How do we as a society remember our dead, including those who lost their lives alongside us in our nation’s wars? William Gladstone, a British prime minister during the 19th century, offered a timeless formula: “Show me the manner in which a nation or community cares for its dead, and I will measure with mathematical exactness the tender sympathies of its people, their respect for the law of the land and their loyalty to high ideals.”
On Friday, a U.S. Air Force aircraft will carry the commingled remains of 81 airborne soldiers of the former South Vietnamese Army from Hawaii, where they have been stored in a military facility for more than 33 years, to California. On Oct. 26, there will be a full military ceremony honoring their service in Westminster, often known as Little Saigon, where tens of thousands of Vietnamese Americans now live.
This will be a unique occurrence because their names might never be known and because they were soldiers of an allied army. Following the ceremony, these forgotten soldiers will be laid to rest under a commemorative marker in the largest Vietnamese-American cemetery in our country.
This final resting place will mark a complicated, 54-year journey that began on a long-forgotten battlefield during a vicious war that tore apart our country and resulted in the deaths of 58,000 Americans and millions of Vietnamese.
'Men Without a Country'
In late 1965 an American C-123 was shot down, killing all four American crew members and 81 South Vietnamese Airborne soldiers. The crash site was located in a contested area and was not visited until 1974. Bone fragments and some personal paraphernalia were gathered, but all of the recovered remains were commingled and could fit into one large casket. The remains were shipped to Bangkok. The American crew members were later identified through DNA testing and were given a proper interment. But there was no flight manifest for the South Vietnamese soldiers. In 1986, their remains were sent to the U.S. military’s POW/MIA lab in Hawaii, which is responsible for identifying those lost or missing from our nation’s wars.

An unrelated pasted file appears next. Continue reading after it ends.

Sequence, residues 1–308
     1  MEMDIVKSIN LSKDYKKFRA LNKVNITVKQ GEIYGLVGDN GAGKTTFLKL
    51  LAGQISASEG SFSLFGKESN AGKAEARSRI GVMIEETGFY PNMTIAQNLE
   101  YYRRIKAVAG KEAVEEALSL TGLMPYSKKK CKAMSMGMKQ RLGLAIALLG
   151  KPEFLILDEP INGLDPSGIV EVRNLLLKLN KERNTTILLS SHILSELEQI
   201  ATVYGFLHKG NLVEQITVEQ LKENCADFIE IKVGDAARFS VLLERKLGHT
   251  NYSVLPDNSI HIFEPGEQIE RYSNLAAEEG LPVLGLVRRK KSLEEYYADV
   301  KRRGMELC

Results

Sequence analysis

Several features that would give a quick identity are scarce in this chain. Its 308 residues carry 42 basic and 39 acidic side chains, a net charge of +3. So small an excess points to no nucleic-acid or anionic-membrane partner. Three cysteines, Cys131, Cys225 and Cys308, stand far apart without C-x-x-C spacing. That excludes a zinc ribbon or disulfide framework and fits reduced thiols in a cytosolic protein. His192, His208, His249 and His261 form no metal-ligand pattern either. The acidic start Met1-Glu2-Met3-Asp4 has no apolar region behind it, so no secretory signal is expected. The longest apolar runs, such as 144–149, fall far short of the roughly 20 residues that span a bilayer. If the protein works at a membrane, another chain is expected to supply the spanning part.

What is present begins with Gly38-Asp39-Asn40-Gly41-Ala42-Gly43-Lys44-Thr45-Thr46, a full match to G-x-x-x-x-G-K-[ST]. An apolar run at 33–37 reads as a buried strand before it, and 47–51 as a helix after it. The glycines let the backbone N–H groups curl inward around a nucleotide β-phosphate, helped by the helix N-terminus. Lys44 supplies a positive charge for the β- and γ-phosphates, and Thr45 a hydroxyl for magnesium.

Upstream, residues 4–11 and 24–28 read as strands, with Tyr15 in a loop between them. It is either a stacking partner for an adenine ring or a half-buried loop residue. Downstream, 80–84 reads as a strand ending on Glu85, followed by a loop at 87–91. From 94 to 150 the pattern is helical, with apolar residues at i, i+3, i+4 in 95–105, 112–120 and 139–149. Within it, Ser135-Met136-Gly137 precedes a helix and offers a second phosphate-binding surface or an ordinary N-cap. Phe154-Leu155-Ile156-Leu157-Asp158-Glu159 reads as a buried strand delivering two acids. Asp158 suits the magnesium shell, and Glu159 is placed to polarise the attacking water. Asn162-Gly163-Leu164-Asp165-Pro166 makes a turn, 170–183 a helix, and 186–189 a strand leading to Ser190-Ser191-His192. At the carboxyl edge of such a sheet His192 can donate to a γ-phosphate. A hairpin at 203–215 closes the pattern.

And there the remains of the South Vietnamese soldiers have been sitting for the past 33 years. Because there was no flight manifest for such a combat mission, we will probably never know the names of those who were lost. They are identified only as members of an elite airborne battalion of the Army of the Republic of Vietnam.
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The Hanoi government twice declined to accept them for a proper burial in Vietnam. And because these were not American citizens or soldiers, there was no clear way for them to be buried and properly honored in the United States. They are unknown soldiers, and have indeed become “Men Without a Country,” after having given their lives on behalf of a country that no longer exists.
Laying to rest the 81 in Freedom Park
I learned about this situation two years ago. For me, Gladstone’s timeless message was a guidepost. If we are who we say we are as a nation and as a people, we should care not only for our own dead but also for those who served alongside us under great peril. These lost soldiers deserved to be remembered with honor and dignity.
After many months of intricate negotiations on both the diplomatic and legal front, this is now going to happen. On Oct. 26, after the memorial service in Westminster’s Freedom Park, the soldiers will be interred near a memorial that remembers the courage and contributions of the hundreds of thousands of Vietnamese refugees who took to the sea during perilous times, risking everything to come to our country.
The ceremony will do far more than merely remembering the sacrifices and the five decades odyssey of those young soldiers who so long ago lost their lives for the ideals of democracy on behalf of a country that no longer exists. It will also serve as a reminder of the hundreds of thousands of other soldiers who lost their lives and the thousands of others whose remains might never be found.
The sad but epic journey of these lost soldiers from the battlefields of Vietnam to the largest Vietnamese-American cemetery in our country will provide closure for many others who paid their own price and made their way to America. It will allow our nation to remember and appreciate the contributions of the 2 million Americans of Vietnamese descent who have helped make us a stronger and more vibrant society.
And it will help us to remember who we are as Americans, and who we should always aspire to be: a people who treasure human life, and who will never forget those who stood beside us during extraordinarily difficult times.
Former Navy Secretary and Sen. Jim Webb, D-Va., served as a Marine infantry officer in Vietnam.
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This article originally appeared on USA TODAY: Jim Webb: Why USA should remember South Vietnam’s forgotten soldiers